The most powerful pear-shaped LED bulbs in stores today - the kind that fits existing lamps - produce light equivalent to a 60-watt bulb, though there are more powerful ones for directional or flood lighting.

Osram Sylvania, a unit of Germany's Siemens AG, said it has overcome the heat problem and will be showing a pear-shaped 100-watt-equivalent LED bulb this week. It doesn't have a firm launch date, but it usually shows products about a year before they hit store shelves.

Lighting Sciences Group Corp., a Satellite Beach, Fla.-based company that specializes in LED lighting, will be showing several 100-watt-equivalent prototypes, including some that solve the problem of cooling the LEDs by using microscopic devices that move air over the chips, like miniature fans.

Before the 100-watters, there will be 75-watters on the shelves this year. Osram Sylvania will be selling them at Lowe's starting in July. Royal Philips Electronics NV, the world's biggest lighting maker, will have them in stores late this year for $40 to $45.

However, 60-watt bulbs are the big prize, since they're the most common. There are 425 million incandescent light bulbs in the 60-watt range in use in the U.S. today, said Zia Eftekhar, the head of Philips' North American lighting division. The energy savings that could be realized by replacing them with 10-watt LED bulbs is staggering.

To stimulate LED development, the federal government has instituted a $10 million "L Prize" for an energy-efficient replacement for the 60-watt bulb. Philips is so far the only entrant in testing, and Eftekhar expects the company to win it soon. But Lighting Sciences Group plans its own entry, which it will demonstrate at the trade show.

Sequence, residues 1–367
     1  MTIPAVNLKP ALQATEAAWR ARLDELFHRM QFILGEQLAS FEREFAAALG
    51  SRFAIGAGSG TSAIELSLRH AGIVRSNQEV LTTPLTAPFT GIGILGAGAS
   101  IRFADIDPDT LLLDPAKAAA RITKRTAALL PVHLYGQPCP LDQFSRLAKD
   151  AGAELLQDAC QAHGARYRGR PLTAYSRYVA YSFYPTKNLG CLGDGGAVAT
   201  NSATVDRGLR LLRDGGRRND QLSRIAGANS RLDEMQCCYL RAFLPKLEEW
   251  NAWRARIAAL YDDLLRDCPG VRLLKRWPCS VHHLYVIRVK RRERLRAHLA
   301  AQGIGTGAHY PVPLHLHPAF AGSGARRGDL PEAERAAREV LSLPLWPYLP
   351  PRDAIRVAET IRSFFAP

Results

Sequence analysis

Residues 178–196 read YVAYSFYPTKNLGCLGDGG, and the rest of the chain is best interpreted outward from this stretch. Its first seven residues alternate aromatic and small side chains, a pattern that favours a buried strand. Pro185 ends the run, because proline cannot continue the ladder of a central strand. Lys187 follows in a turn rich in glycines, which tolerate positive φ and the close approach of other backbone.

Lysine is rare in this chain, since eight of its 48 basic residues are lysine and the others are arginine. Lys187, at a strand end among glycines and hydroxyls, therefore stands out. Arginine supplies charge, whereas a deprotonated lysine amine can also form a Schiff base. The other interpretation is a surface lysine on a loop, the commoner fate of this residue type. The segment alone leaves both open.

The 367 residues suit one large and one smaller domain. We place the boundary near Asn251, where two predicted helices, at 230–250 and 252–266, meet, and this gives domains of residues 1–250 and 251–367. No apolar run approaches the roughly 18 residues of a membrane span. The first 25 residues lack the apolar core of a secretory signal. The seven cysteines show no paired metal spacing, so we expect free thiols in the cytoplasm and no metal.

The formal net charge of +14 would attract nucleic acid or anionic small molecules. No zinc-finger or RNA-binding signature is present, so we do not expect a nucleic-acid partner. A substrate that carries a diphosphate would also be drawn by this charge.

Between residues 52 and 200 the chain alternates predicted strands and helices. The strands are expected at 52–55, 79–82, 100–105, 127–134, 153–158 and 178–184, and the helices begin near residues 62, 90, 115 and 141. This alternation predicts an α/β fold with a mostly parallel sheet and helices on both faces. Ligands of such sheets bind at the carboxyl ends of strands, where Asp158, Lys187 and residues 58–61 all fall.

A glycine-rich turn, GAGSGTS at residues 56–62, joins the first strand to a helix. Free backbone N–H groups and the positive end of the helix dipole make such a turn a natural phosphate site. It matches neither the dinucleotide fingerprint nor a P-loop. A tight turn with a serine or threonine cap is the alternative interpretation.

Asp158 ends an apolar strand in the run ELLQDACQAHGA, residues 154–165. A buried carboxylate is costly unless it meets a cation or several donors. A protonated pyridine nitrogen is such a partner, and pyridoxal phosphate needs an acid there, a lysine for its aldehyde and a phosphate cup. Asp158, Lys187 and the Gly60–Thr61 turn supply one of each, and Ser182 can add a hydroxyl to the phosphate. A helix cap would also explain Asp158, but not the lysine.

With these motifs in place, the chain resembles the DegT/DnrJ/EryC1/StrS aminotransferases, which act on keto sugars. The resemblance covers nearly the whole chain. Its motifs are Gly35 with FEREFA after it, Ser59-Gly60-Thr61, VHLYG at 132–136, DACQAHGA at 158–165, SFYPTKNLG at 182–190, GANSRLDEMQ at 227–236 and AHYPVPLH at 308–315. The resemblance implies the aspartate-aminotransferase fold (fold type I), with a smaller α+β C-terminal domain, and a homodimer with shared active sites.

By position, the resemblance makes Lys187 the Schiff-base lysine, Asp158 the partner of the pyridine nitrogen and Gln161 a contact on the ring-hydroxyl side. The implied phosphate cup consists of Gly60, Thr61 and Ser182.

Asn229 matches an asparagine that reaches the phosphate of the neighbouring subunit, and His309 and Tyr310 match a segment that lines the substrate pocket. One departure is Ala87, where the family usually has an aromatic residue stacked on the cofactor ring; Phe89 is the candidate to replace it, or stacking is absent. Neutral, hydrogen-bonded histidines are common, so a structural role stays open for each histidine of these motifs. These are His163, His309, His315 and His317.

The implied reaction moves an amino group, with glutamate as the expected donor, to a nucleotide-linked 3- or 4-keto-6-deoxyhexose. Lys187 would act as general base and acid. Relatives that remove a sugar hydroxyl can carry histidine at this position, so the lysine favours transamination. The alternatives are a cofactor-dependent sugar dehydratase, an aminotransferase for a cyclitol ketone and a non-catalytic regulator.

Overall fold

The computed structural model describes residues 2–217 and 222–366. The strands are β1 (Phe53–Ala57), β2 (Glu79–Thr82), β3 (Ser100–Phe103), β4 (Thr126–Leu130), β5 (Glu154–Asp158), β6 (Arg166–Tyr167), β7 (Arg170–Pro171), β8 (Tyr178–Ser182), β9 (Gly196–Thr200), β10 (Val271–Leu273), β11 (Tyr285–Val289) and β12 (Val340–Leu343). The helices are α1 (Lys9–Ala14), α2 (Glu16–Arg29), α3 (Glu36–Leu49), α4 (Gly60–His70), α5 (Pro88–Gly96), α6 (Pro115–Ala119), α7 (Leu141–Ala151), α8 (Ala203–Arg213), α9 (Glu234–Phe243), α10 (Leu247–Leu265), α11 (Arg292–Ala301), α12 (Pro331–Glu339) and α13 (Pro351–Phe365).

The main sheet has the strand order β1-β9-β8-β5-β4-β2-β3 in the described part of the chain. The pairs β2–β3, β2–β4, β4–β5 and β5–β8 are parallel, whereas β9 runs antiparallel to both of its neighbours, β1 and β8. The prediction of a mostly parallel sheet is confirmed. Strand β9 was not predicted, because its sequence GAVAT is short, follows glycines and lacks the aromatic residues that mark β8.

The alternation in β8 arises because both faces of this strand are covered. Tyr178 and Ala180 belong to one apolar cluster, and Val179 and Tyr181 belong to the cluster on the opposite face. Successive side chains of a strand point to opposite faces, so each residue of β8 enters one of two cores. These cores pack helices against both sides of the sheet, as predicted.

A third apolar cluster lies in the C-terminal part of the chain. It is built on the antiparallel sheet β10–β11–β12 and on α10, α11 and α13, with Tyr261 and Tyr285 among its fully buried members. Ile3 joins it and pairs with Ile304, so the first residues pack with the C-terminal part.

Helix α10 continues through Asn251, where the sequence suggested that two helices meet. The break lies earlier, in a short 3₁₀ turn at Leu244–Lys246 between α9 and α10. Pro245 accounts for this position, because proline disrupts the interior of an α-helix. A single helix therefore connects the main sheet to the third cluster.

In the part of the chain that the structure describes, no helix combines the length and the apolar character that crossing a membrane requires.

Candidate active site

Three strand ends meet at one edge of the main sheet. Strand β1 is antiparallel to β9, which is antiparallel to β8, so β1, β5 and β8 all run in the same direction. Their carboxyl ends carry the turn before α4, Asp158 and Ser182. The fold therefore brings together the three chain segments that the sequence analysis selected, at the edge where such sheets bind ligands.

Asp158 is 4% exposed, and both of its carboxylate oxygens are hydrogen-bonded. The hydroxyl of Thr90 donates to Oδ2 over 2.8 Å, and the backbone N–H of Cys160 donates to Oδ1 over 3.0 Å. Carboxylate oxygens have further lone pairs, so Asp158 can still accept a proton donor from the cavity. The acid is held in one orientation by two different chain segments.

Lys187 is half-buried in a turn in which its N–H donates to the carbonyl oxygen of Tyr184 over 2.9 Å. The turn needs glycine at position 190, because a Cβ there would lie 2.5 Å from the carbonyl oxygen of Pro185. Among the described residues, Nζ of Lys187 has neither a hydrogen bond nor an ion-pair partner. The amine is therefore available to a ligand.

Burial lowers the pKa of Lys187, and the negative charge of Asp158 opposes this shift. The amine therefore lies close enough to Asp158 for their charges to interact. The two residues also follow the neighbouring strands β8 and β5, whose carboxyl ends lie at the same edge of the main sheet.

Philips has been selling a 60-watt-equivalent bulb at Home Depot since December that's quite similar to the one submitted to the contest. But it's slightly dimmer, consumes 2 watts too much power and costs $40, whereas the L Prize target is $22. Sylvania sells a similar LED bulb at Lowe's, also for $40.

However, LED prices are coming down quickly. The DoE expects a 60-watt equivalent LED bulb to cost $10 by 2015, putting them within striking range of the price of a compact fluorescent bulb.

Bob Karlicek, the director of the Smart Lighting Research Center at Rensselaer Polytechnic Institute in Troy, N.Y., thinks that price is achievable.

But, he said, "it's not necessarily clear to people in the lighting industry that LED chips were ever meant to go into a bulb."

What's really needed, he said, is a new approach to lighting - new fixtures and lamps that spread out the LEDs, avoiding the heat problem.

Explore further: Imaginative ideas for a 'greenlight district' in Amsterdam

4.5 /5 (11 votes)
add to favorites email to friend print save as pdf

Related Stories

Care for some light music? LEDs make it possible

May 12, 2010

(AP) -- Light-emitting diodes, or LEDs, are starting to become cost-effective alternatives to standard light bulbs and fluorescent tubes. That opens up some interesting possibilities, such as the combination ...

LEDs bringing good things to light

Jul 01, 2010